Here’s how BuzzFeed readers reacted when their editor-in-chief published a post stating that BuzzFeed doesn’t do clickbait.
People like consistency in your beliefs and arguments.
But, that does not mean you can’t change your opinions.
It is inevitable for you to find out that you were wrong about your opinion on a subject. This is particularly true in the fields where there is on-going research or rapid change.
In such situations, remaining transparent will lift your brand.
Have a look at Scott H Young. He has been blogging for 10 years.
It’s logical that in a field like philosophy and improving the quality of life, you’ll encounter new ideas.
This happened with Scott. He read academic research dismantling his beliefs.
But, he didn’t hide in a closet and change the text of his written articles.
Instead, Scott published a blog post on beliefs he changed his mind about.
The post received positive comments from his readers.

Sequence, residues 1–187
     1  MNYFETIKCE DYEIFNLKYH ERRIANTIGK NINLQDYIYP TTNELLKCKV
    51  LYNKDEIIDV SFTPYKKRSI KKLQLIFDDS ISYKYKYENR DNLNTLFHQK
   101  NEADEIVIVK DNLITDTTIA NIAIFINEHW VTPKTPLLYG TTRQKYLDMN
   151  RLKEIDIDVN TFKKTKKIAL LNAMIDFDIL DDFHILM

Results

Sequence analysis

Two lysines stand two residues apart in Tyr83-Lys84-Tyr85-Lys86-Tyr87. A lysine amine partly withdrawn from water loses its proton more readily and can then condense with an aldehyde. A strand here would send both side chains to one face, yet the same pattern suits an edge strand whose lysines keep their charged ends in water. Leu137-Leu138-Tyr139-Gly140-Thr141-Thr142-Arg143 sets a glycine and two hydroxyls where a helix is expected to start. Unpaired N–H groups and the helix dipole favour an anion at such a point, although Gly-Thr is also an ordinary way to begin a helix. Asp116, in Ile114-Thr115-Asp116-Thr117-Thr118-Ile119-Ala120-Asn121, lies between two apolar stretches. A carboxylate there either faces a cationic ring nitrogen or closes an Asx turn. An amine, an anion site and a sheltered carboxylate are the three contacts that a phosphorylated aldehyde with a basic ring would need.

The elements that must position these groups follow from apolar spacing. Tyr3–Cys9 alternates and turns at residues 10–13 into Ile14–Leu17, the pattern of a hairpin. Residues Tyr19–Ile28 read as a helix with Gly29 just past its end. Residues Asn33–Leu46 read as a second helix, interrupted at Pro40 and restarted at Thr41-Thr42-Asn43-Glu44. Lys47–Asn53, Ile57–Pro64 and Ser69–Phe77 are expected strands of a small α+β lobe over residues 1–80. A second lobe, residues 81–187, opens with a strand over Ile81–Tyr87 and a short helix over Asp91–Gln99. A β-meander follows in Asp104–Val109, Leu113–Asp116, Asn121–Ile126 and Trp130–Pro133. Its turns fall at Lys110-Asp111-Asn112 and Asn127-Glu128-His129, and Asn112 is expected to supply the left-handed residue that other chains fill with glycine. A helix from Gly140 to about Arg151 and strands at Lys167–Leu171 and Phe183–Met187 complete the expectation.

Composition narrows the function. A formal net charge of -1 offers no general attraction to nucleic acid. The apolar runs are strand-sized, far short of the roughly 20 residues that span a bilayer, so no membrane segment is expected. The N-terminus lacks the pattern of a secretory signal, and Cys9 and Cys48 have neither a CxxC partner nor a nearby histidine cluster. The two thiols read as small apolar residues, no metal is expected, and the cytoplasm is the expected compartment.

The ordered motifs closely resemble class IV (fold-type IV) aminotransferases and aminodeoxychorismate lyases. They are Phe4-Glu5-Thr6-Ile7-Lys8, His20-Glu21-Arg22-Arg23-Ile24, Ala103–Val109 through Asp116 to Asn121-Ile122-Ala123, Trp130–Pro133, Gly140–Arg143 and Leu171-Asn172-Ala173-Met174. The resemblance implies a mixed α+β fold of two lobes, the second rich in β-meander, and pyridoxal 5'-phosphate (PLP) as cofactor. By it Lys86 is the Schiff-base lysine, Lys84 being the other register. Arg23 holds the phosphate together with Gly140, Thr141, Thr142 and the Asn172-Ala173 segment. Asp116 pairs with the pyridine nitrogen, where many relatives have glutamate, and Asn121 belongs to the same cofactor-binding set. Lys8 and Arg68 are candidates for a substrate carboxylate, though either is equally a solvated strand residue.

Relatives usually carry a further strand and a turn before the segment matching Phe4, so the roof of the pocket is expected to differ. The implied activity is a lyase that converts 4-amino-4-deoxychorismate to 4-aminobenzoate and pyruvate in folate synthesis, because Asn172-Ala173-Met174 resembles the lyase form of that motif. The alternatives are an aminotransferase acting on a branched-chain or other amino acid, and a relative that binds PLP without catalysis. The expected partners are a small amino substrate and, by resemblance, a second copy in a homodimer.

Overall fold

They appreciated Scott’s audacity and openness to change his mind.
12. Final check the most important parts of your article
In the last round of editing, double-check these important elements.
Article’s headline – Your headline should inspire your prospects to click through and read your blog post.
If your current headline doesn’t give you that feeling, write 25 headlines.
Choose the most powerful one that aligns with your brand image.
Your Introduction – Unless your introduction indulges the reader, he will drop off without reading further.
These 3 strategies will ensure that you write an engaging introduction.